Corporate Ethics & Conferences

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It’s the end of spring conference season for HR dorks like me. I’ll be wrapping up my travels with the 2011 Annual SHRM Conference. This is the big one, folks. Although other HR and recruiting conferences claim to be more prestigious, this one wins on critical mass & educational offerings.

Or so the conference brochure tells me. What the hell do I know? I just show up and speak.

Attendees will be given copious amounts of swag, tons of free drinks, and they’ll have more than enough opportunities to win iPads and other cheap technological goods meant to distract them from the pain & suffering of actually working in Human Resources.

Early in my HR career, it was not uncommon for vendors to give me really nice stuff. I received expensive bottles of wine, box seat tickets to The Cubs, vouchers for great dinners, etc. And while no one ever expected a quid pro quo arrangement, the gifts were given to me with the hope of procuring something — status, access, influence.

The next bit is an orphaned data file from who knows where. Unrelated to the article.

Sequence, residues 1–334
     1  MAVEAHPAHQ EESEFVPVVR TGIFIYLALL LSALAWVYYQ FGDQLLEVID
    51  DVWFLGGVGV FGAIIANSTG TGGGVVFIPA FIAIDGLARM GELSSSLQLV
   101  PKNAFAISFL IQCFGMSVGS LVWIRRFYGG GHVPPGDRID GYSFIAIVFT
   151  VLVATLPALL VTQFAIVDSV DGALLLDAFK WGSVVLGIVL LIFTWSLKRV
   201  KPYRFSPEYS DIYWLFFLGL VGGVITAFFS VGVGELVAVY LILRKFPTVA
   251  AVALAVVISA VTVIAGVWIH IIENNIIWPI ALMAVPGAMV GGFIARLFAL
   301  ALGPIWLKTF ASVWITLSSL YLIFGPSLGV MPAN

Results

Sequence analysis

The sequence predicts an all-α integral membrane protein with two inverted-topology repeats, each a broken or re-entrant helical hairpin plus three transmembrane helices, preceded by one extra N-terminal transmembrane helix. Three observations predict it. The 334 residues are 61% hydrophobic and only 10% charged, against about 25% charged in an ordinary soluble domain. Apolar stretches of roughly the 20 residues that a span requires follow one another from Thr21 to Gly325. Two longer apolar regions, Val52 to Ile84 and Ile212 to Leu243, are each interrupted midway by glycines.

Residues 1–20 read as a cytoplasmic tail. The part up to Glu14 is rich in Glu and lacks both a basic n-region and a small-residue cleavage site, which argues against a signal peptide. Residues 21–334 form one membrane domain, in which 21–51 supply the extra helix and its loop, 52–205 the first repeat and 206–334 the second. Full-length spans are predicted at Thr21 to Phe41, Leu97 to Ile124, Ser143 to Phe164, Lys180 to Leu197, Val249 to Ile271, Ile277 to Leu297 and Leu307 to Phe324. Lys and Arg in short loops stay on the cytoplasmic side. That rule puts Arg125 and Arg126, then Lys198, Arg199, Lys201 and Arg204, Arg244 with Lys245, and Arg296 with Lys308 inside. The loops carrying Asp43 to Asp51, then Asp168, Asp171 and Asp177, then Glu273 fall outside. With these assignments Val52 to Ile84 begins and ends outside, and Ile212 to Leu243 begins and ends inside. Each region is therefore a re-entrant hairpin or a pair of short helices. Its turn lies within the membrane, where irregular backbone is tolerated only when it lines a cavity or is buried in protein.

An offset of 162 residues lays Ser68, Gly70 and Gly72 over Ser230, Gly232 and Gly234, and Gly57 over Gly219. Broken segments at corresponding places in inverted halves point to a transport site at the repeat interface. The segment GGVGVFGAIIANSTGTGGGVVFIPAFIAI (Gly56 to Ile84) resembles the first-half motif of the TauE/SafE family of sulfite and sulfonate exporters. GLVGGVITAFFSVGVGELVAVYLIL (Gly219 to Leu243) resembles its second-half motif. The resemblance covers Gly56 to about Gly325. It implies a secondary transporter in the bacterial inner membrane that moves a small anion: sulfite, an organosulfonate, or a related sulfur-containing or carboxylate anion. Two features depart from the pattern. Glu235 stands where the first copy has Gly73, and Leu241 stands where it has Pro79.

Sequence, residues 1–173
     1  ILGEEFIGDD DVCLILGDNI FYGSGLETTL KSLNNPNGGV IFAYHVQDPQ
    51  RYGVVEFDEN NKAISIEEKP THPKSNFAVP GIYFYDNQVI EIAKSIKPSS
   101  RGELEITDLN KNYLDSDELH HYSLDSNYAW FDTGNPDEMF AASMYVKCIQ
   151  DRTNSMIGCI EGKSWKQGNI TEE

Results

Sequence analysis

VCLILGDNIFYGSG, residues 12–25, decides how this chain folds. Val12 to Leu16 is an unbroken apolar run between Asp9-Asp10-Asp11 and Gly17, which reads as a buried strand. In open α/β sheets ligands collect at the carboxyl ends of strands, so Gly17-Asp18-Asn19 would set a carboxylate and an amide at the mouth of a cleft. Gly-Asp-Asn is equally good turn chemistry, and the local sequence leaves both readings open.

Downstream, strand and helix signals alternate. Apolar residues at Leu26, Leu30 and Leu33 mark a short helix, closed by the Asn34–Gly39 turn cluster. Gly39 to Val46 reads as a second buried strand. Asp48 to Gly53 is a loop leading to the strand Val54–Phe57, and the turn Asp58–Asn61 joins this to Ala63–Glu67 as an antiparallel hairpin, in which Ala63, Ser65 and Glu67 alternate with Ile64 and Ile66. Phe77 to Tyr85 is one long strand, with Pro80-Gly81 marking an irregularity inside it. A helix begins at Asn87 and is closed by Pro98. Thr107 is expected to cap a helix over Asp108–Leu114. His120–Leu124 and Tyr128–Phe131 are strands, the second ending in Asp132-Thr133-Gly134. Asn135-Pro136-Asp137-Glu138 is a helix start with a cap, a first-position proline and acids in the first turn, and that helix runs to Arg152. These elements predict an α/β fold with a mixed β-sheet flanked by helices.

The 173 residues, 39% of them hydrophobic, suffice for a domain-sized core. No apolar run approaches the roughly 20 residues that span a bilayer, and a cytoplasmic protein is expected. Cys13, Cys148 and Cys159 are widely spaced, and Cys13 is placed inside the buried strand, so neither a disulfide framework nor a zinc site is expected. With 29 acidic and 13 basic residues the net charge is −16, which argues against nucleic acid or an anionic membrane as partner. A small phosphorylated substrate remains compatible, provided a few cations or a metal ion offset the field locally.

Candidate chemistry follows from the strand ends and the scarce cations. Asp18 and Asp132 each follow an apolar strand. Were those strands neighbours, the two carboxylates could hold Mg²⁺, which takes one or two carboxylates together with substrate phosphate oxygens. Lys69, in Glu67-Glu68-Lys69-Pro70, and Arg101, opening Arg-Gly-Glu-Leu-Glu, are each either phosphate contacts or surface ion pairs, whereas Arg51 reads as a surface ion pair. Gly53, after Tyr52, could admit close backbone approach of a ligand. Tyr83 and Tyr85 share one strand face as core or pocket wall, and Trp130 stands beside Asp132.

But then something happened and suddenly it was my job to craft, administer, and reinforce corporate ethics training. No gifts over $24. When having dinner with vendors, you pay your own way. No sporting events. No free trips to learn about a product or service. No make-out sessions in the supply closet.

You get the point.

So I wonder how many HR folks at SHRM will be thinking of their corporate ethics policy as they troll the expo hall floor. If an item of swag is worth $2 but you take 20 of them (which happens), do you violate your corporate ethics policy? If you come home with $500 worth of swag from different vendors — all of whom sell products to HR — is that ethically acceptable? If you attend a tweet-up and drink for free, is that okay? If a vendor takes you to dinner, do you accept or pay  your own way?

Marketing is marketing. Sales is sales. The expo hall floor at SHRM is meant to impact your buying decisions. Every encounter you have with a vendor is meant to woo you into making a spending decision. Do you have a corporate governance policy that determines how you can interact with vendors? Can you accept buckets of swag without reporting it to your compliance officer? And how do you adhere to your company’s ethics policies and have a good time?

And for the record, I plan on hitting the Delta Dental booth and getting a few toothbrushes. (Like seven.) That’s the best swag at the conference — and no, they’re not paying me to tell you that. Although they should. I would take that money in a heartbeat!

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